Dublin Rape Crisis Centre (DRCC) has announced a widening of access to a key support for victims/survivors of sexual violence in Ireland with its new helpline interpreting service.
The National Helpline 1800 778888 will now feature an additional option for people whose first language is not English, allowing them to speak to a crisis counsellor with the help of an interpreter.
Announcing the launch as part of DRCC’s campaign to mark the global 16 days of activism against gender-based violence, CEO Noeline Blackwell said the organisation had long wanted to offer support to people whose native language is not English, in recognition of the extra barrier that presents to people seeking assistance.
“We know that well over a tenth of people living in Ireland do not speak English as a first language. In our counselling & therapy services, we have long been able to provide support to non-English-speaking clients with the help of an interpreter, but that has not been possible for our helpline. We are therefore really pleased to be able to announce this very important news,” she said.
“It is already very difficult to talk about what is probably the worst experience of your life in your own native language. Imagine trying to express such a difficult topic in what may be your second or third language. And yet we know that availing of the Helpline support makes a real difference to the people who call us. So we are recognising a need that exists out there,” said Ms Blackwell.
The new Helpline interpreting service will make this important support available to a wider group of people. The caller will ring the National Helpline at the Freephone number 1800 778888 as usual but when they get through, they say what language they require and DRCC can then get an interpreter in that language on the line to facilitate the support session.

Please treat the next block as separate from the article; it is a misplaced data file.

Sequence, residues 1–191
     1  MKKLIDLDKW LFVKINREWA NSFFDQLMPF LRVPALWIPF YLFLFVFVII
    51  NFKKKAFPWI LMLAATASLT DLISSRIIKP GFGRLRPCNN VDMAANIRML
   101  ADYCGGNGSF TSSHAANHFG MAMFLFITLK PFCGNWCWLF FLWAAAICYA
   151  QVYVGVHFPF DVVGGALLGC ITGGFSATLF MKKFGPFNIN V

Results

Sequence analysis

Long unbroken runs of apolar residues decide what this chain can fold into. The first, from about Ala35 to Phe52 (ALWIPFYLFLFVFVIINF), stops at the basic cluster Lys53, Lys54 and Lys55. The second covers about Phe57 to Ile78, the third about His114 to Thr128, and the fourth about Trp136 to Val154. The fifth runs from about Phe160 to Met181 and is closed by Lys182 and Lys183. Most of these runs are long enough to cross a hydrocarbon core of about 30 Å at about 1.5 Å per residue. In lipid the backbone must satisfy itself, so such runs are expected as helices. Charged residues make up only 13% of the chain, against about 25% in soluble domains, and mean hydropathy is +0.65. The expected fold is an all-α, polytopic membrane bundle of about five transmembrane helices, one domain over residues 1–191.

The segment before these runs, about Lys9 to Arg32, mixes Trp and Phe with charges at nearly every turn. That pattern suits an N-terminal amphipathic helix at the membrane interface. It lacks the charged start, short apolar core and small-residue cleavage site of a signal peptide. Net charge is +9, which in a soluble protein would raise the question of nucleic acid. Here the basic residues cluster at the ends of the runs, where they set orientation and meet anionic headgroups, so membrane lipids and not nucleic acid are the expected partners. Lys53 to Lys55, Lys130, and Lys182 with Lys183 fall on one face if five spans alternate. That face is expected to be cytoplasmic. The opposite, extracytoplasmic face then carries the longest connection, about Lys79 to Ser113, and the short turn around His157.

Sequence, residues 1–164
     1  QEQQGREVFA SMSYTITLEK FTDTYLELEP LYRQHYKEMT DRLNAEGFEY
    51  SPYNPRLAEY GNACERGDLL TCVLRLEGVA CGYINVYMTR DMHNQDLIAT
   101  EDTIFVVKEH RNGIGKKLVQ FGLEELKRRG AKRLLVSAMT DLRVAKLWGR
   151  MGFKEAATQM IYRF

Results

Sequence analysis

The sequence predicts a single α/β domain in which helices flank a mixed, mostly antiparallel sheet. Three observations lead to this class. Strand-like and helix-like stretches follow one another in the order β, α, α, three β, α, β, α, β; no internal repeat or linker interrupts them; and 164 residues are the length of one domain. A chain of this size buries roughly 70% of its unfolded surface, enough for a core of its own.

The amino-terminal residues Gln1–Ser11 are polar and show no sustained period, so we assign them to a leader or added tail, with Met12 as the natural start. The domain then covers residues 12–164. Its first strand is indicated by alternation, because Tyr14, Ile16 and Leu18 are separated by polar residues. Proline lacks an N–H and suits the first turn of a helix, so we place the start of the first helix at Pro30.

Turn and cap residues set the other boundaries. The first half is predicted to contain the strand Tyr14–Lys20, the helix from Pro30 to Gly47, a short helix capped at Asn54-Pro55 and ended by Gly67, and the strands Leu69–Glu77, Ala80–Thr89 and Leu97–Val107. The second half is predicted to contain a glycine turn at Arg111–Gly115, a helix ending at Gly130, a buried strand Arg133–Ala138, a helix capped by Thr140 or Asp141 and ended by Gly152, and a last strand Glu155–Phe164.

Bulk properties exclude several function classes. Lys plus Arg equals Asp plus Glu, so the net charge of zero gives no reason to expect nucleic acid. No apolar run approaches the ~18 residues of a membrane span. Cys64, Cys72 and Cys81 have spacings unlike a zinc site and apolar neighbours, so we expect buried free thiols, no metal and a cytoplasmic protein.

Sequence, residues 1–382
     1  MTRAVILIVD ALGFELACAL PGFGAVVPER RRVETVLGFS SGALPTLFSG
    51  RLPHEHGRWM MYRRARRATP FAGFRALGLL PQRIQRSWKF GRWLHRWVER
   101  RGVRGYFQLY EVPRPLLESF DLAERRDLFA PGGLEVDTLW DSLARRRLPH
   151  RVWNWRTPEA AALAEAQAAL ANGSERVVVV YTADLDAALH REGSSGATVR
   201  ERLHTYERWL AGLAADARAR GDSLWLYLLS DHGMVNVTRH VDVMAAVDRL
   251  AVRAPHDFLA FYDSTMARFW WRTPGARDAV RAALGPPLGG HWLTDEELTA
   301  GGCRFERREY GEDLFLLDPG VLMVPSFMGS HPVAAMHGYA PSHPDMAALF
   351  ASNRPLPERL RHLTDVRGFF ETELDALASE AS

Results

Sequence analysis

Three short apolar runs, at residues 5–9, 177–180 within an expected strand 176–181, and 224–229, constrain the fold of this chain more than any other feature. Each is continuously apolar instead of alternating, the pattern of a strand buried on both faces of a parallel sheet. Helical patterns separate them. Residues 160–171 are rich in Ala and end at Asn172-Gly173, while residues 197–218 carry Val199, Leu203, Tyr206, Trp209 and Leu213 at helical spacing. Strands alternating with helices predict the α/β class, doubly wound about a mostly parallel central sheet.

Commenting on the launch, DRCC’s National Helpline Manager, Michelle Grehan said: “Callers can be assured that their calls will be in confidence and, as ever, there is no charge. Our focus is to provide support, to listen and to believe our callers, in a non-judgmental way, offering information and helping them to think through options in whatever way they need.
“As Helpline workers, we hear how challenging it is for those who have experienced sexual violence, whether past or present, they describe feelings of isolation and fear. For those who do not have English as their first language, these feelings can be magnified. We can now listen and support these callers and be present for them in that lived experience,” added Ms Grehan.
The interpreting service is funded by Tusla, the Child and Family Agency, and interpreting is supplied by Language Line, a UK-based company. For the moment the service will run on the National Helpline 1800 77 8888 from 8am to 6:30pm, Monday to Friday.